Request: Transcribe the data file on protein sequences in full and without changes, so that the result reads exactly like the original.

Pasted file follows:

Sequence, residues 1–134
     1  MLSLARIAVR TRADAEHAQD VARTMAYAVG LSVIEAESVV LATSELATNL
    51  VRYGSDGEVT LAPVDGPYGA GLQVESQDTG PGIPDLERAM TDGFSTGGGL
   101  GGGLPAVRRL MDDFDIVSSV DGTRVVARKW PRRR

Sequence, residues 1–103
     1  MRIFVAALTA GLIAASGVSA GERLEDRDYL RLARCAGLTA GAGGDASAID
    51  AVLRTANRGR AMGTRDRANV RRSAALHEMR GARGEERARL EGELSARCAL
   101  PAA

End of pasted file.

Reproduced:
Sequence, residues 1–134
     1  MLSLARIAVR TRADAEHAQD VARTMAYAVG LSVIEAESVV LATSELATNL
    51  VRYGSDGEVT LAPVDGPYGA GLQVESQDTG PGIPDLERAM TDGFSTGGGL
   101  GGGLPAVRRL MDDFDIVSSV DGTRVVARKW PRRR

Sequence, residues 1–103
     1  MRIFVAALTA GLIAASGVSA GERLEDRDYL RLARCAGLTA GAGGDASAID
    51  AVLRTANRGR AMGTRDRANV RRSAALHEMR GARGEERARL EGELSARCAL
   101  PAA